Who We Represent

We Represent All Laid-Off and Terminated Employees Covered by the WARN Act

We represent employees like you, across the United States, Puerto Rico and the U.S. Virgin Islands.

Whether you drove the truck, sprinkled the cilantro on the steak, taught math, or did digital special effects for films like the Life of Pi, you may be among those we have represented. Whether you make chocolate chips or computer chips, we've helped get much-needed money under the WARN Act for employees who did what you do. But, they were suddenly blind-sided and left without their jobs through no fault of their own. They needed to get back on their feet with some help.

Our WARN Act attorneys have obtained back pay awards of up to two months of pay and benefits for tens of thousands of employees across the gamut of jobs, companies, and industries. From CEO's to bottlewashers, employees who lose their jobs stand on the same ground. They deserve notice. When they don't get notice, we represent them to get their fair shake and what is due.

The WARN Act requires employers to give advanced notice of layoffs or shutdowns to employees in most industries, regardless of their title. Employers who fail to provide such notice are liable to pay these awards to each employee. The WARN Act covers employees, but not independent contractors. If the "independent contractors" are, in fact, misclassified employees, the WARN Act covers them.

In today's "gig" economy, some employers assert that their employees are independent contractors and therefore not entitled to WARN notice. If the employer profits from the worker and controls the manner in which he or she performs it, our WARN Act practice group works to secure the rights of such workers as employees under the WARN Act.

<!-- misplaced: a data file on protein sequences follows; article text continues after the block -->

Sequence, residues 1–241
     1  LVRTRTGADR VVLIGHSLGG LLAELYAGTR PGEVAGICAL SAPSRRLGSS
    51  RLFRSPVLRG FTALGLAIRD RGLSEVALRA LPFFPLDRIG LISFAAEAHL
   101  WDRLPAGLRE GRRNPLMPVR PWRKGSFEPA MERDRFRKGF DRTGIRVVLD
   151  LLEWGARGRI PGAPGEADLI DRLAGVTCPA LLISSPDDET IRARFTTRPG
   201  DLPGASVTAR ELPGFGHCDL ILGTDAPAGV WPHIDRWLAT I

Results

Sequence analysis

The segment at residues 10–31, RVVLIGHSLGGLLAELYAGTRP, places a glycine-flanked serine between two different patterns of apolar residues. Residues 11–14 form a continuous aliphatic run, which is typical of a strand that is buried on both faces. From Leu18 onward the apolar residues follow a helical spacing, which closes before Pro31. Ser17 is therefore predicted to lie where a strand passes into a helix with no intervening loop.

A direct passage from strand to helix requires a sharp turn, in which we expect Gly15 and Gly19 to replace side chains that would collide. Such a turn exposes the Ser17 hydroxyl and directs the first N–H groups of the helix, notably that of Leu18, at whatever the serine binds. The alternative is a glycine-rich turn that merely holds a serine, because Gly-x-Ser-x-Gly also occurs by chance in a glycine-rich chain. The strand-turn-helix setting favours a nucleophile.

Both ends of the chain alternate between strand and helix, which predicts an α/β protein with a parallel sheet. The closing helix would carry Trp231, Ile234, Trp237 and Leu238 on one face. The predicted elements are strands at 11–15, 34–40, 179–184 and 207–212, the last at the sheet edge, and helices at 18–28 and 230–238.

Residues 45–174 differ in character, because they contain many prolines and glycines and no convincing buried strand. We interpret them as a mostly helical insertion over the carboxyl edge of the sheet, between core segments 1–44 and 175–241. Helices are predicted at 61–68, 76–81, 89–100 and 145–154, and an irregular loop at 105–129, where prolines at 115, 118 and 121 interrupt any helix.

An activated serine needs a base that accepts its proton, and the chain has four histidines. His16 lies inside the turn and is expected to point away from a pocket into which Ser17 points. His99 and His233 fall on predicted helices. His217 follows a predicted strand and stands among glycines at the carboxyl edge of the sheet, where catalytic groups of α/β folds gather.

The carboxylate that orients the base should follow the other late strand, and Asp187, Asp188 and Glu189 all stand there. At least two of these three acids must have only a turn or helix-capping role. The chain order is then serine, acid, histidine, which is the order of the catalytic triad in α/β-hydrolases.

If you are uncertain whether you are an employee entitled to notice of a layoff or shutdown, you should contact Outten & Golden and ask to speak with a member of our WARN team.

Among the few categories of employees who are not entitled to WARN notice are government employees, striking union workers and some temporary project workers. Even among project workers, we've represented digital animators in Hollywood hired to work on a particular film. The firm has also represented teachers in colleges and schools who work on a term by term basis, and construction workers hired for a specific project.

Outten & Golden attorneys have also represented union members when the union does not file a WARN Act claim on their behalf.

We Represent Employees No Matter Who the Employer May Be

Most employees know who their employer is. But when it comes to holding employers responsible for WARN Act notice, it is not so easy to tell. Companies often try to blur the "employer" distinction by creating lots of entity names to evade liability. It is not uncommon that employees find slightly different company names on their paystubs, business communications, or websites. Sorting out which employer is responsible under the WARN Act is critical to holding the right parties liable. In our pursuit of maximum WARN back pay recoveries, we work to identify all the responsible employer entities.

Outten & Golden has represented employees of subsidiaries to obtain recovery from the parent owners of the company. Outten & Golden has recovered back pay from "parent" and even "grandparent" entities responsible for shutting down the "nominal" employer.

The WARN Act Provides Protection for Employees in All Industries and All States

Outten & Golden's WARN Act practice is nationwide. Its attorneys have represented employees in Alabama, Arizona, California, Colorado, Connecticut, Delaware, Florida, Georgia, Hawaii, Illinois, Indiana Iowa, Kansas, Kentucky, Louisiana, Maine, Maryland, Massachusetts, Michigan, Minnesota, Missouri, Nevada, New Hampshire, New Jersey, New Mexico, New York, North Carolina, Ohio, Oklahoma, Oregon, Pennsylvania, Rhode Island, South Carolina, Tennessee, Texas, Utah, Vermont, Virginia, Washington, West Virginia, and Wisconsin.

The WARN Act Can Help You During a Difficult period

If you are let go in a shutdown that involved 50 or more employees at a single site of employment (such as an office, plant, warehouse, or store) or a layoff that involved 50 or more employees comprising at least 1/3 of the workforce at a single worksite, the WARN Act may protect you. If you experience job loss in a mass layoff, furlough or shutdown, or you suffer the reduction of more than 50 percent of your work hours during a six-month period, you may have a WARN Act claim and should contact Outten & Golden LLP.